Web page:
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Hidden Turn-Off On Road From Ubud Reveals Secret World Of Organic Coffee And Spices


Hidden Turn-Off On Road From Ubud Reveals Secret World Of Organic Coffee And Spices

February 15, 2016 @ 8:02 am
by e.neil
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Zipping down the road away from Ubud, Bali, you’d never notice the mystical destination that lay ahead. Especially if your driver seems to be in the qualifying round for F1 races despite being in his Suzuki AVP. Suddenly, tires screeching, our micro-van fishtailed to the left. We bounced forward a few meters and came to a halt in a pea-gravel parking area, just large enough for a few more micro-vans. But for the moment, we were the only ones parked.

Our driver slid open our door, smiling, “We're here!”
Planting our feet on solid ground, our necks craned backward as our eyes followed the surrounding trees up to the sky.

A warm breeze wafted around me, nurturing my skin with the equatorial humidity.
The pea-gravel crunched beneath my sandals and gave way to rich, dark soil. An arrow on a wooden sign directed us to the path head. High-pitched 'cheeps' and 'chirps' from small birds, and deep 'uuh, uuh, ahhhs' of larger birds hidden throughout the high branches and low scrub immersed us in a sensory bath. The bird calls joined with fragrances of tropical flowers and subtle scents of spices from some mystical sommelier spirit of the wilderness.

Taking the risk of looking very silly, I allowed the dance of excitement to erupt from my heart and through my body. It was a celebration of finally achieving a decades-long desire. I laughed and performed a little dance of joy right at the entrance of the organic spice and coffee farm.
Recovering from my jubilant spell, I began my self-guided tour. I followed a winding path among trees and shrubs that sported little signs.

“Cinnamon” here “white pepper” there. “Cloves” and “nutmeg” yonder. “Cocoa” reached up high and sported its magic pods. And “coffee” demurely displayed innocent looking berries.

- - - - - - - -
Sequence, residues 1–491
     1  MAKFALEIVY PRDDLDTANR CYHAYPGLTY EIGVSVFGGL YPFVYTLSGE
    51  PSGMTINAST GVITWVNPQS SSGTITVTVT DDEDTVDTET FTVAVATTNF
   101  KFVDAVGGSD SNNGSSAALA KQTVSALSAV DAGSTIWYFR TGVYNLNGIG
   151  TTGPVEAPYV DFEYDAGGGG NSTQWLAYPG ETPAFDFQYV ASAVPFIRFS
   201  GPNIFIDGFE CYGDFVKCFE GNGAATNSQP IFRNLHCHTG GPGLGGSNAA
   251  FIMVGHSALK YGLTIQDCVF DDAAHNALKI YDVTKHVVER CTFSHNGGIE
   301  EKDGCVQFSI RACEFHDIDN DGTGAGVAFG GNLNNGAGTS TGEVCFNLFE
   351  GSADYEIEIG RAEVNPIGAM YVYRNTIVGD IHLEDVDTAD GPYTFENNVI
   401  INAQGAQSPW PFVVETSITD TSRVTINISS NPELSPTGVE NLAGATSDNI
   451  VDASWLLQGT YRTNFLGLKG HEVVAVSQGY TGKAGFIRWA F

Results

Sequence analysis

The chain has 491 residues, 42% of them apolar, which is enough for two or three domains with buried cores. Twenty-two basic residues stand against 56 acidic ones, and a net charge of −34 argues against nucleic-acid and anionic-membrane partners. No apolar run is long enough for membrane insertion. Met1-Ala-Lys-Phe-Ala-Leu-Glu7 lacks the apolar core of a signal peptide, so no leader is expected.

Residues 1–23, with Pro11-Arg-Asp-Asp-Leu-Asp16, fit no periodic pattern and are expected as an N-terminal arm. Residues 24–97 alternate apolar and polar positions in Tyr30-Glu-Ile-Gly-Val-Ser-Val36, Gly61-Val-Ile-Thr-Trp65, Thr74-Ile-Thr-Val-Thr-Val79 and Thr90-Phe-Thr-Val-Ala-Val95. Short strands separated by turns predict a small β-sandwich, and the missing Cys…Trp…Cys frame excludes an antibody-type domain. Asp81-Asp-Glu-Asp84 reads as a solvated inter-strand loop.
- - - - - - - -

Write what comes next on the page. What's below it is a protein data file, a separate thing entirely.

This was it! This was the nexus of earth and tree, of berry, seed, and root, from which culinary magic is released. I was in the country of the Spice Islands, and my “epi-curiosity” of seeing the source of coffee and spices had brought me here. To be totally honest, I had no idea how to find what I had so longed to see. But I shared my curiosity and desire with a local expert: I asked my driver.

It seems that every piece of knowledge worth knowing is now available at our fingertips. With the right the right words to search and an internet connection, we can go down a rabbit hole that will lead us to the answers of questions we didn't even know we had.

But on rare occasions, even our best constructed research returns a blank, or our signal connections fail. When that happens, a glorious moment in disguise, turn away from your screen and to a local resident.
You’ll be surprised where local knowledge takes you.
I continued my tour through the shrubs and trees, awe-struck at the beauty and magic that surrounded me. The path ended at a set of small earthen and palm thatched open walled huts. In hand-woven baskets, spices, coffee and cocoa beans collected from farm laid out for my closer inspection and sampling.
A farm employee roasted coffee by hand on a large pan, while another pounded fresh roasted coffee to grounds in a wooden mortar and pestle by hand.

Naturally the next logical step was for this fresh roasted, hand ground coffee to be brewed up. It was. And to my extreme pleasure and satisfaction, I was able to sample it.

What I experienced was a coffee like no other. Deep, rich, fragrant, and smooth. Smokey, earthy, slightly acidic, but velvety and almost buttery as well. Floral notes. The coffee was a symphony of hints and nuance of flavors.
In the afterglow of the coffee, a tray of eight other beverages were presented to enjoy.
Among them, ginger tea, lemongrass tea, hot cocoa, and a kind of “chai tea” of mixed spices.
As expected, with most kinds of tours in Bali, one final step of the tour presented an opportunity to purchase any of the spices or coffee I had encountered on my walking tour through the organic spice farm. To be honest, some seemed a little pricy. But other items, especially compared to prices back home, were a pretty good deal. I walked out of the shop with some organic vanilla beans.
It turns out, there are several of these places scattered around Bali.
When your setting up your trip, look into some of the local tour operators for your very own spice and coffee far experience.

Here are some of the actual farms that my research turned up. (As a disclaimer, none of the following places endorse or approve this article, nor do I receive any compensation or consideration for mentioning them here.)
Also note that often entrance is free, but there are typically some sort of gift shop or souvenir shop at the end of the tour.

Bali Pulina:
Address: Jalan Raya Ceking, Sebatu, Kintamani, Indonesia

Alam Bali Agrowisata & Coffee Plantation:
Address: Banjar Apuh Desa Tegallalang – Gianyar Bali

Also, pretty much any of your Bali tour operators will be able to line something up for you. Just ask them.

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